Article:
Nov. 23, 2007 — -- Aboard the National Geographic Endeavor, Capt. Oliver Kruess was the first to see the stricken tourist ship Explorer from about 15 miles away.
The captain and his team had been on high alert for several hours, when the 1:45 a.m. distress call was broadcast announcing to all ships in the region that the 100-passenger vessel had apparently hit an iceberg and was taking on water.
Around 3 a.m. all of Explorer's passengers — plus some crew, though not the captain and a dozen staff who would stay on board for several hours more — were put into the ship's lifeboats and Zodiacs (small inflatable boats).
The Explorer was in the middle of a 19-day tour of South Georgia Island and the Antarctic Peninsula.
Twelve miles south of King George Island at the accident position, it was still dark, the air temperature in the low 30s, with water temperature a degree or two below freezing.
As part of the Endeavor's staff, representing National Geographic on board during a month of touring the Antarctic Peninsula region and simultaneously scouting a sea kayak expedition here, I was awoken at 3:30 a.m. by expedition leader Tim Soper.
At a hastily prepared staff meeting, it was announced we were steaming to the location of the Explorer, followed by the Nord Norge, a big, 700-passenger Norwegian cruise ship. The Norwegian ship would be the coordinating rescue vessel, because it had room on board to accommodate survivors. A Brazilian navy ship and Chilean helicopter were also en route.
We reached a line of orange lifeboats and black Zodiacs shortly before 7 a.m. Passengers in each boat were wet, appeared stunned and were obviously moved by spotting the rescue ships headed their way.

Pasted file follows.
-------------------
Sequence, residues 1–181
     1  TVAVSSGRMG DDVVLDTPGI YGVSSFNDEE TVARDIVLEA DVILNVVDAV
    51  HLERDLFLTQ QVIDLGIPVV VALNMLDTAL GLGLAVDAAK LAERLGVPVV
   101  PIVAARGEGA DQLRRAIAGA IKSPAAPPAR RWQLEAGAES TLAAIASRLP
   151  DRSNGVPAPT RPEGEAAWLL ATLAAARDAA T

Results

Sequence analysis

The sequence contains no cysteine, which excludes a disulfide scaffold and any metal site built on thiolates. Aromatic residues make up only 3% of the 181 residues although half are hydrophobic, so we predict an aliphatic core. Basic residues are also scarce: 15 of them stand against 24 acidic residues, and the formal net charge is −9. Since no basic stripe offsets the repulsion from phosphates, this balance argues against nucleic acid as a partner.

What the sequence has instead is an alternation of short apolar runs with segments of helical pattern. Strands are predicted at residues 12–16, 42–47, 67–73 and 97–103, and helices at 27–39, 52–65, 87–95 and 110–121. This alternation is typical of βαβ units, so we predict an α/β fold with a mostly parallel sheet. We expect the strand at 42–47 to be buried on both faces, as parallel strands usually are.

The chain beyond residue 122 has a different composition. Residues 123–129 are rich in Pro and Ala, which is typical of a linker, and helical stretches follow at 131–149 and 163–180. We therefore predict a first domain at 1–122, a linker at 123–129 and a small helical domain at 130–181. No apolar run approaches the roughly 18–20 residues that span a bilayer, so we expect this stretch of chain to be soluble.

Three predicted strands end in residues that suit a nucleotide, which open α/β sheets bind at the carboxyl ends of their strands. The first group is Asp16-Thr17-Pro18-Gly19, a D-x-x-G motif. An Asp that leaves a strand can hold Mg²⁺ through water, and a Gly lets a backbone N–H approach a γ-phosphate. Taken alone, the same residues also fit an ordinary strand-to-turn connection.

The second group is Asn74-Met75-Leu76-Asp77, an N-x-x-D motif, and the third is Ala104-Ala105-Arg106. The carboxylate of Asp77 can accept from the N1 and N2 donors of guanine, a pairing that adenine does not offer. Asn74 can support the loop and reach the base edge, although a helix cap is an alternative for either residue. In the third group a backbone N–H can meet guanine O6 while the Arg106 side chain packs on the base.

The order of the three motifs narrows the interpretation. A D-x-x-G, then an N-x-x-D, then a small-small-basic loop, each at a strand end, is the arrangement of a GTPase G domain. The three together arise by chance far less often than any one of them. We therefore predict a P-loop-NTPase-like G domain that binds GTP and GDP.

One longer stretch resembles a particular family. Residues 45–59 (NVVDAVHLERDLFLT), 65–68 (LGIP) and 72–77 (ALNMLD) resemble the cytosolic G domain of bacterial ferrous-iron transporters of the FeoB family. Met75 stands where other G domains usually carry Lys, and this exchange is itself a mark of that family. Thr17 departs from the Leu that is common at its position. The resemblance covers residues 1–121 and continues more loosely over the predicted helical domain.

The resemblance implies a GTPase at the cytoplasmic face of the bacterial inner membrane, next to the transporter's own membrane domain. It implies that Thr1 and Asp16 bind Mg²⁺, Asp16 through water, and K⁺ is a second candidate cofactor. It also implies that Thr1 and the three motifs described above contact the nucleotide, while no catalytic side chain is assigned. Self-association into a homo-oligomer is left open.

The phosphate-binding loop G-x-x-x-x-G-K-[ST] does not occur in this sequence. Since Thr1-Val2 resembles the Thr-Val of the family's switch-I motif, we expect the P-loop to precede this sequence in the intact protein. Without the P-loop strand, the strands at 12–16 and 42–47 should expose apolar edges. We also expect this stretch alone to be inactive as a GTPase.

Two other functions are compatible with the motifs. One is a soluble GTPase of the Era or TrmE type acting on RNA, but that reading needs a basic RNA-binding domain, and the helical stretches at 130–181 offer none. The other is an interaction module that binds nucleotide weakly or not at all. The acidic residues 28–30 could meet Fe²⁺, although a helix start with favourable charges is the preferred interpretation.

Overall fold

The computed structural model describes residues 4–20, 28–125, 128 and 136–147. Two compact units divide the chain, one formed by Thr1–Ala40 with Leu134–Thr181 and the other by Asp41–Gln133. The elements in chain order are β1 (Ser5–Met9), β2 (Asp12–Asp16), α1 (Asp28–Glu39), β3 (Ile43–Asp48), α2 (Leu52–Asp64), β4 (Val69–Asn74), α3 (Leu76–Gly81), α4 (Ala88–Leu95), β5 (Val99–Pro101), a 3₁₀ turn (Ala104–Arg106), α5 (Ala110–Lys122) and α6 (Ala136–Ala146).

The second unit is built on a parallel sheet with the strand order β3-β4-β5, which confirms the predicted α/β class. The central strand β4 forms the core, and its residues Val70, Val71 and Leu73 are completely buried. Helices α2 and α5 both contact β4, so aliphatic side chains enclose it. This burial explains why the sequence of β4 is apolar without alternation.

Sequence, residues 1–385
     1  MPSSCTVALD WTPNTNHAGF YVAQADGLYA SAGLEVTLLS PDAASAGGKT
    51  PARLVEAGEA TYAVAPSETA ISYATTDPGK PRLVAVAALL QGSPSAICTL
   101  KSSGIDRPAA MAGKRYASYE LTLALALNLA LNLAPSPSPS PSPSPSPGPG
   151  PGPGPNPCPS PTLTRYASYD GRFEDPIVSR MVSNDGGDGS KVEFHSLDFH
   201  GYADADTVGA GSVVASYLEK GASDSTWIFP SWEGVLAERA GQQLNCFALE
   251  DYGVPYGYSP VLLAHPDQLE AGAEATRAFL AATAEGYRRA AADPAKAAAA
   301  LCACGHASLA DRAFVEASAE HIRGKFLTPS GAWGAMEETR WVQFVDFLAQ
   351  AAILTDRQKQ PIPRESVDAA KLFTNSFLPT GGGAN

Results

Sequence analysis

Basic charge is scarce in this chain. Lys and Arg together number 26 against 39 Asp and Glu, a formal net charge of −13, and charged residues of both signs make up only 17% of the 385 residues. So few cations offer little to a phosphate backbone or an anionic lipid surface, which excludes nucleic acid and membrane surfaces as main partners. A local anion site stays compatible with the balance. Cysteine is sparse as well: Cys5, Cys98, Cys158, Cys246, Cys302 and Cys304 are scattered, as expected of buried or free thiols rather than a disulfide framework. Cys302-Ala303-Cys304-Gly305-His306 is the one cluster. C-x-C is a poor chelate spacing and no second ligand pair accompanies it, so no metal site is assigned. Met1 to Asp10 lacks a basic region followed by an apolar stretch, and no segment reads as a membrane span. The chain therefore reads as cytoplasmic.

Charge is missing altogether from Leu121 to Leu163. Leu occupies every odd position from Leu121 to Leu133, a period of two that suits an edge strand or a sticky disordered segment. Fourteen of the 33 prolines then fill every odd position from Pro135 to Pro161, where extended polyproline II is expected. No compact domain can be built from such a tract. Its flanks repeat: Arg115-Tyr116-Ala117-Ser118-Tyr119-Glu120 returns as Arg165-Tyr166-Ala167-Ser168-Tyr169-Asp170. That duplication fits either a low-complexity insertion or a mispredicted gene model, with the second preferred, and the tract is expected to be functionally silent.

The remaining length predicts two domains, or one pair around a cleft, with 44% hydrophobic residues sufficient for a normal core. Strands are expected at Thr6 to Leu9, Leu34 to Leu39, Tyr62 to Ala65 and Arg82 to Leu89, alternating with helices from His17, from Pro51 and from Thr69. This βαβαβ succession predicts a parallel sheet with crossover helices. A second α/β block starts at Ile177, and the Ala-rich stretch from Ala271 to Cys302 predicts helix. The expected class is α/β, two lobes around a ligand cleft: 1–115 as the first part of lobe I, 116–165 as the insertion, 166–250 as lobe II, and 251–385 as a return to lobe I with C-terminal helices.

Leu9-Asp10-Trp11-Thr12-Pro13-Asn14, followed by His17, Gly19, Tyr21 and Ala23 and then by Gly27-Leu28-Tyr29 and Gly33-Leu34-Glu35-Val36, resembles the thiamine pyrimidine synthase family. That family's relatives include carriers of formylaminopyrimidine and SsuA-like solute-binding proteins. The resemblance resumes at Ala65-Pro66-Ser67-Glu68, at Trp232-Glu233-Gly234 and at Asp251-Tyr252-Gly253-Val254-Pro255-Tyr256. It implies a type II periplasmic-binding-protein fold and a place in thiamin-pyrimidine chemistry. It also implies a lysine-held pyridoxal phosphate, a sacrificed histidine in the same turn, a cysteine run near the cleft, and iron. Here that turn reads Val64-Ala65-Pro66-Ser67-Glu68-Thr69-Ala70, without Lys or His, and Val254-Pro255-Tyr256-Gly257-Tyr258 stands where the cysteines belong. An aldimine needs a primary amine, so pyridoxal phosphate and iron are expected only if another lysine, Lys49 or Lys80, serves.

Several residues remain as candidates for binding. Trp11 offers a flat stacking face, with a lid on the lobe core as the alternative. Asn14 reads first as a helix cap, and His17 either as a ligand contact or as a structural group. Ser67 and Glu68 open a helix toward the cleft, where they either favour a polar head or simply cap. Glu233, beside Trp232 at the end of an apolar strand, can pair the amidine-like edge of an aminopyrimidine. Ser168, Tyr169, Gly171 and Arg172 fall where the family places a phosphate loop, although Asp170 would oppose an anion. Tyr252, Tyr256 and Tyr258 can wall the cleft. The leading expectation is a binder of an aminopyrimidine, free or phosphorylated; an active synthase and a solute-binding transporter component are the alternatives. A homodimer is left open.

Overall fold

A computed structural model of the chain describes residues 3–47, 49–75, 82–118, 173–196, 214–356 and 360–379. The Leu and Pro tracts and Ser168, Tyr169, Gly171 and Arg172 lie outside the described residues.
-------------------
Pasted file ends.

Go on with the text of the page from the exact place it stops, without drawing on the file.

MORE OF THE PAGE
Accidents in the Antarctic by tourist ships is not uncommon. Last year, the Nord Cap, the sister ship to the Nord Norge, ran aground near Deception Island and had to unload its passengers onto the Norge. The last ship to sink in Antarctic waters was the Bahia Paraiso, which sank off Janus and DeLaca islands in 1989. With 25,000 tourists now visiting each year, on more than 50 ships, accidents are an increasing concern.
According to one of the Explorer's crew, the ship had apparently hit something — most likely an iceberg — which made a fist-size hole in the hull. There may have been another hole. The Explorer was the very first tour vessel to operate in Antarctica; it was built in the 1960s by expedition tourism veteran Lars-Erik Lindblad and was the very first ship to bring tourists to Antarctica in 1969. It survived previous groundings in Antarctica in 1972 and 1979. The ship is currently owned and operated by the Toronto-based adventure travel company GAP.
As we watched the line of lifeboats pull alongside the Nord Norge, aided by Zodiacs sent out from both the Endeavor and Nord Norge, a cold morning sun glistened off the Southern Ocean.
Water temperatures remained near the freezing mark, and wind-chill temperatures were in the mid-20s. Cold water and wind are the ingredients of hypothermia, the greatest risk for those in the lifeboats. Once safely aboard the Nord Norge, passengers and crew were taken to King George Island in the South Shetland Islands where a charter plane would most likely carry them back to the tip of Chile, at Punta Arenas.
As the rescue operation continued successfully, with no apparent serious injuries, the Explorer listed heavily to starboard in the near distance. Waves washed onto its decks; at one point it rested against a floating iceberg.
As the sinking vessel's Zodiacs were brought onto the deck of the Endeavor, we took a closer inspection. Many of Endeavor's crew had worked on Explorer during its more than 40 years as a global expedition ship. They were obviously saddened by seeing its apparent final moments afloat. It was a sobering moment for all, a reminder that accidents even here in Antarctica happen suddenly and with powerful impact.
Jon Bowermaster is an adventure writer based in Stong Ridge, N.Y. Click here for his Web site.